Be it the Frankfurt book fair or the Kolkata book fair or the Delhi book fair or any other such fair, there is absolutely little way for foreign connoisseurs of culture to know that a tribe of writers ready and willing to offer their works to them reigns in Bangladesh. Visitors who have regularly made their way to various book fairs outside Bangladesh have come away with complaints that the Bangladesh pavilions at these fairs have hardly ever displayed works that could give foreigners a feel of the cultural dimensions of the country.

In recent days, we have had the enormous pleasure of knowing that a new work, Diplomacy in Obscurity: A Memoir, by Hemayet Uddin, an eminent diplomat who has retired from public service, is out. Published by University Press Limited, the work adds new substance to the tales of our diplomacy penned over the years by such predecessors of Hemayet Uddin as K M Shehabuddin (There and Back Again) and Fakhruddin Ahmed (Critical Times). There is too S.A. Karim’s acclaimed Sheikh Mujib: Triumph and Tragedy. Regrettably these rich works, which not only are educational for us here in Bangladesh but also an illustration of the intellectual landscape that is the Bengali state, have not been projected abroad in the way works by writers in other countries have been.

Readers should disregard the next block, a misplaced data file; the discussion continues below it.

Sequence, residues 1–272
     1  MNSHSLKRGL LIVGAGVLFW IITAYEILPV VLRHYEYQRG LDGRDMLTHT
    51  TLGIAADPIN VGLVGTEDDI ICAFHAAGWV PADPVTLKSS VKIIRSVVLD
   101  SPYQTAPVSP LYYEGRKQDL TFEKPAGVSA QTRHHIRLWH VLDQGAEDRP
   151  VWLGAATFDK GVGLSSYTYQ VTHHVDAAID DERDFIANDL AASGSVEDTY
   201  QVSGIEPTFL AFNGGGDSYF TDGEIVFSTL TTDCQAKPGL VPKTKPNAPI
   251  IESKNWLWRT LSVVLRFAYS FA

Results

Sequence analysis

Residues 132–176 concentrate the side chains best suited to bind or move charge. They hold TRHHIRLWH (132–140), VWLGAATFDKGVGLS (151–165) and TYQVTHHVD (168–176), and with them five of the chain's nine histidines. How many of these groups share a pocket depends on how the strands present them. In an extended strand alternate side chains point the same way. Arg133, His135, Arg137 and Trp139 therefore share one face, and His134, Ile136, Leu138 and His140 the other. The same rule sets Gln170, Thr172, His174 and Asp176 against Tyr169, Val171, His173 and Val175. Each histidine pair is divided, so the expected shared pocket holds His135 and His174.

Book fairs abroad do not have these works. Neither have the many cultural wings at our embassies ever shouldered the responsibility of organizing discussions to acquaint foreign readers of the attainments that continue to be made back home. Professor Fakrul Alam’s admirable translations of Bangabandhu’s Oshomapto Atyojiboni and Karagarer Rojnamcha have impressed foreign enthusiasts of Bangladesh’s history. More could be done through our scholars coming forth with works, in English, on Tajuddin Ahmad and the entirety of the history of the Mujibnagar government and the War of Liberation. Kamal Hossain’s Bangladesh: Quest for Freedom And Justice and Rehman Sobhan's Untranquil Recollections: Nation Building in Post-Liberation Bangladesh are substantive accounts of a decisive phase in the nation’s history that call for popularizing and projection through institutional, essentially official, means. The same holds true of Nurul Islam’s Making Of A Nation.